ENEE 759B: Advances in Low-Power Design Methodologies
Driven by increased levels of device integration and complexity, together with higher device speed, power dissipation has become a crucial design concern, limiting the number of devices that can be put on a chip and dramatically affecting the packaging and cooling costs associated with ASICs. Power dissipation is even a bigger concern for the class of battery-powered personal computing devices and wireless communication systems. To make low-power design a reality, this course focuses on the challenges in low-power design of CMOS digital circuits and provides an overview of state-of-the-art techniques for power estimation and optimization at different levels of abstraction, from circuit level to architectural level. An emphasis will be placed on analytic techniques based on probabilistic models which have a large area of application in low-power systems. In particular, the applications of finite order Markov chains in static power estimation, state assignment for low-power, and sequence compaction will be discussed in detail. Finally, the course will also examine the applications of some information-theoretic concepts in power estimation and optimization at RT- and behavioral-level of abstraction.
ENEE 644, ENEE 640 or permission of the instructor
Basic VLSI design knowledge, logic and high-level synthesis and optimization, basic probability theory concepts.
N. Weste and K. Eshraghian, `Principles of CMOS VLSI Design: A Systems Perspective', 2nd Edition, Addison-Wesley Publishing Co., 1994.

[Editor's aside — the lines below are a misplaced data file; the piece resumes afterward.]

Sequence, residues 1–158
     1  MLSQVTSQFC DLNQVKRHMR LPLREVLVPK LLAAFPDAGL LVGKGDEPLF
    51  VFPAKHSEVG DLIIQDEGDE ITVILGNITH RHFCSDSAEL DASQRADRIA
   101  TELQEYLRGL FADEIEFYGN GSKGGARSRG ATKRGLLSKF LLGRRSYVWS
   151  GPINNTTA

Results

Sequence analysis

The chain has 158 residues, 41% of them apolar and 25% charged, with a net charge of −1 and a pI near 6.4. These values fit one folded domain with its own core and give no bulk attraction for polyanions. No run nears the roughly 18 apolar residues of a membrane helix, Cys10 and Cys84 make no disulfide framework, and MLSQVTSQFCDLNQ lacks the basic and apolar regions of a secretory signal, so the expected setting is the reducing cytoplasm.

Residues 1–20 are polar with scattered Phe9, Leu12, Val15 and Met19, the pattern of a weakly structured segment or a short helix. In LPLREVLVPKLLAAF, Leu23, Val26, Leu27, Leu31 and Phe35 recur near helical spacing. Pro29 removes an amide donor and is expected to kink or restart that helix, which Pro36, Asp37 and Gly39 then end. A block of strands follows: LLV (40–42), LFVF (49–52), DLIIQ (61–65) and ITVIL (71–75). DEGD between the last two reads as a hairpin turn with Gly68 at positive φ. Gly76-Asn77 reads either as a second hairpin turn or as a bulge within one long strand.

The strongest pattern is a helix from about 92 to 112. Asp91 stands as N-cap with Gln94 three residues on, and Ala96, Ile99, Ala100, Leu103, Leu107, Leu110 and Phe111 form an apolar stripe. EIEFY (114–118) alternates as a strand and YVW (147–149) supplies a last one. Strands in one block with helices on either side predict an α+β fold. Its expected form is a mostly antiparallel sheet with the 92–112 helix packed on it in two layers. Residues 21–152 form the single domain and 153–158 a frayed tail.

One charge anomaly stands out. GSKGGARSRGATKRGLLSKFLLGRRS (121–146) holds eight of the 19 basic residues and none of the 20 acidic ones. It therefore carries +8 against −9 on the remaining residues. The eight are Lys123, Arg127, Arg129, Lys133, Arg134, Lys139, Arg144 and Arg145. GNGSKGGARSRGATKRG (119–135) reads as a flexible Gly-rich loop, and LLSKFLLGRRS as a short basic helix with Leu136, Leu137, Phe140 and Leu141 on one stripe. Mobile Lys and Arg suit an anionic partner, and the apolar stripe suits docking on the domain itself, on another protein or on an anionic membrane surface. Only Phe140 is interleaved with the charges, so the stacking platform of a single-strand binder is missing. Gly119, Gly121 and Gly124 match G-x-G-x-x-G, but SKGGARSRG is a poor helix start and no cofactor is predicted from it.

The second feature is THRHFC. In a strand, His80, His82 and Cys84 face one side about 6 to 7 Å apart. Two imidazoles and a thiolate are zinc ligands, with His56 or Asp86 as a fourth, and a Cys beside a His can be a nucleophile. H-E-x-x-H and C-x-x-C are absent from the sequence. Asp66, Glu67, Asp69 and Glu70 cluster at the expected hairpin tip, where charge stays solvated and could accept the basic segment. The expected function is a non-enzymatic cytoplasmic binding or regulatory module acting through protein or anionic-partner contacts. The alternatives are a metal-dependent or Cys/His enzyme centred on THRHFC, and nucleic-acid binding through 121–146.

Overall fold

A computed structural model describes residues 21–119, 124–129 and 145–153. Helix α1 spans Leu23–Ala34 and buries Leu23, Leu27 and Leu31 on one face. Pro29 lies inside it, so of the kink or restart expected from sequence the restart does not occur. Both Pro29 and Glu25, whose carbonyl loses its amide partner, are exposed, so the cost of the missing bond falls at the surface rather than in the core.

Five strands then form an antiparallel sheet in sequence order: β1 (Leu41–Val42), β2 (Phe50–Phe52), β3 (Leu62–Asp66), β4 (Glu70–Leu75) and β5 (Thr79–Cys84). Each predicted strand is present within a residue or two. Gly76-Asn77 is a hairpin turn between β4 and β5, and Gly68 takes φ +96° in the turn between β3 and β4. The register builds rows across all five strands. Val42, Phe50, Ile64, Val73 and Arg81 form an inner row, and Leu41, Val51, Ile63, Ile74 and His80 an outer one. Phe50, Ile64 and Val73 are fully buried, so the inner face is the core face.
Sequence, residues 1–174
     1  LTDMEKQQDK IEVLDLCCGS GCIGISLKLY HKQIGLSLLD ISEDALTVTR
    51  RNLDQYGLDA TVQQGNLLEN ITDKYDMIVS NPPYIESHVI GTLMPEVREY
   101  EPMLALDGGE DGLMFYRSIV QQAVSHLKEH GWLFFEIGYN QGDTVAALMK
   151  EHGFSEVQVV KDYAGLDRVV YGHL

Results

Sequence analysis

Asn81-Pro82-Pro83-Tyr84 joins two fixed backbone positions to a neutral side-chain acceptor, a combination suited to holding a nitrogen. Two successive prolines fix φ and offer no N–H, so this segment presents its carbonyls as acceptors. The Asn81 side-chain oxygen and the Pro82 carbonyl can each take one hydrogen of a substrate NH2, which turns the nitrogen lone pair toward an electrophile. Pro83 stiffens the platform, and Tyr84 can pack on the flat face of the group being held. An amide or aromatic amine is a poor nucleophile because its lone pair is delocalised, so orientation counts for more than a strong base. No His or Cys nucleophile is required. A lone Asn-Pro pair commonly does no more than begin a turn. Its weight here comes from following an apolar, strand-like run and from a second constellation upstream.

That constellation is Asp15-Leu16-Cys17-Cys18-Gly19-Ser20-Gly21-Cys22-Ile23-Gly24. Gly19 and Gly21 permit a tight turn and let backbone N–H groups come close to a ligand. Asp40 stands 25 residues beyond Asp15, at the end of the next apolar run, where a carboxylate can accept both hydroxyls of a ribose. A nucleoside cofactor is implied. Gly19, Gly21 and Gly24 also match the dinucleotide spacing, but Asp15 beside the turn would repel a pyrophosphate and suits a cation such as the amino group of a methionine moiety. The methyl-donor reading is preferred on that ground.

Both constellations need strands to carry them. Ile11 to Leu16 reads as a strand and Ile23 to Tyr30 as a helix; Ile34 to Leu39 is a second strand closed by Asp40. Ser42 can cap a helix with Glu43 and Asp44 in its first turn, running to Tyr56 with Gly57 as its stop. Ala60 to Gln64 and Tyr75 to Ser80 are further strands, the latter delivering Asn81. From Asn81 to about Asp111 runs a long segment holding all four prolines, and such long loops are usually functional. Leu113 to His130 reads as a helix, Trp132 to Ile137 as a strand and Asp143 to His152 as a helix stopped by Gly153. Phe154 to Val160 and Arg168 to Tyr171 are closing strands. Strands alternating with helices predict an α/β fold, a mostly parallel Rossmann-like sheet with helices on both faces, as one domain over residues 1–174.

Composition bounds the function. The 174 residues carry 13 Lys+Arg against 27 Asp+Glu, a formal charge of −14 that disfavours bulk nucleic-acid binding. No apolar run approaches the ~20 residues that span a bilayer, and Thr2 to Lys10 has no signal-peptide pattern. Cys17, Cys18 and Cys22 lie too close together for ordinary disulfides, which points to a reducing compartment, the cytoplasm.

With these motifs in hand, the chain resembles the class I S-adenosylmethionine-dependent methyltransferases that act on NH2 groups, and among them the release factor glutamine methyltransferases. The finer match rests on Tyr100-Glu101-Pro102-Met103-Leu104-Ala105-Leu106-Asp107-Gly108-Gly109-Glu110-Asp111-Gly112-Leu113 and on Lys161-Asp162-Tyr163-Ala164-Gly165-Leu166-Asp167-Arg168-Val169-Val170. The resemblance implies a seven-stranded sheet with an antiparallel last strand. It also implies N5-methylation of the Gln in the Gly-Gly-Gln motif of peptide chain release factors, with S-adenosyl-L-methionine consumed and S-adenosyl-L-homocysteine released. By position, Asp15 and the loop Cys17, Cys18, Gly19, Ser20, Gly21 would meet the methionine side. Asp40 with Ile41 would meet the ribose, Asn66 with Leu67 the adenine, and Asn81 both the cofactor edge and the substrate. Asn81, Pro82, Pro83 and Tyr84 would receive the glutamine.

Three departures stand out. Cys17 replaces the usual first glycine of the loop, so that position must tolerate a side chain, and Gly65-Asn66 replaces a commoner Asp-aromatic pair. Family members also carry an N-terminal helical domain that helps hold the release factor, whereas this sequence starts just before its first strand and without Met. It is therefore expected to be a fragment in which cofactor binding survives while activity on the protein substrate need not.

J. M. Rabaey and M. Pedram (eds.), `Low Power Design Methodologies,' Kluwer Academic Publishers, 1996.
M. Pedram, `Power Minimization in IC Design: Principles and Applications', in ACM Transactions on Design Automation of Electronic Systems, vol. 1, no. 1, pp.1-54, Jan. 1996.
Information for Fall 98 Semester:
Course Structure:Each part of the course involves extensive reading of research papers on the subject. In addition to completing all reading assignments from the course pack, the course requirement consists of homework assignments, a final project and a class presentation of the final project. Student performance on each of these requirements will contribute to the student's final grade.
Grading Method:The student performance will be evaluated using using the following breakdown:
Final project: 40%
Project presentation: 20%The homework assignments will be based on the material discussed in the class as well as some research papers included in the course pack. Some of the homework assignments may imply programming and/or evaluations of different designs using commercial software tools. Finally, each student will be required to undertake a final project and give a short presentation in the class. The instructor will define several topics for the final project but students are encouraged to propose new topics and discuss them with the instructor. The projects will be individually tailored but students will also be allowed to work in small teams on more complex projects. During the class presentation of the projects, each student will have the opportunity to present its own contribution to the project and suggest possible directions for future work.
July 9, 1998, Diana Marculescu